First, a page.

Broken Windows, Broken Business: How the Smallest Remedies Reap the Biggest Rewards, by Michael Levine, Grand Central Publishing, $13.99 (170 pages)
Michael Levine’s book is based on a theory contending that something considered as minor as a broken window actually sends an important message to people who see it. If it’s left in disrepair, the message is that no one cares and so it’s acceptable to cause damage. Repairing the window sends the message that a standard level of performance and image must be adhered to.
The Broken Window Theory was introduced in 1982 by James Q. Wilson and George L. Kelling in an article entitled "Broken Windows: The Police and Neighborhood Safety." Their theory became famous when the strategy was successfully applied to help turn around a declining New York City.
Levine examines the principles of the Broken Window Theory as they apply to businesses. His insight identifies opportunities for improvement that exist in our businesses but we may overlook because they are "no big deal."
The author contends that simple issues are, in many cases, easy to fix but if left unattended can grow into full-fledged problems that lead to business decline. Fine-jewelry retailers find examples of this in things like dirty storefronts, aged inventory, or associates who only randomly perform tasks required of them.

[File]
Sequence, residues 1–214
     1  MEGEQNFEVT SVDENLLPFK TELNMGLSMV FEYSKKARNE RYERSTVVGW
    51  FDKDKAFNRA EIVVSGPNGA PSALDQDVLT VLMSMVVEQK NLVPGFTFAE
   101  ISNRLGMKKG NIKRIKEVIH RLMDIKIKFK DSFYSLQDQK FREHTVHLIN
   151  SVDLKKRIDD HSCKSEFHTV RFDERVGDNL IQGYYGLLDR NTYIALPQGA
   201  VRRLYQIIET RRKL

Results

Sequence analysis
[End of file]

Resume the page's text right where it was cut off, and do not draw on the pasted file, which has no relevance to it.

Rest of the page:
Two noteworthy quotes from Levine’s book are: "It is your customer’s perception of your business that will dictate his or her level of loyalty to your business. Make one mistake, and you can damage that perception" and "Broken windows are best repaired before they break."
Even the finest retailers experience an occasional broken window. The most successful retailers take a systematic approach to recognizing and repairing their broken windows. Take the time to read this book. The message is simple but powerful. Apply the principles held within and ensure your store is the "masterpiece," not the "monstrosity" in the neighborhood.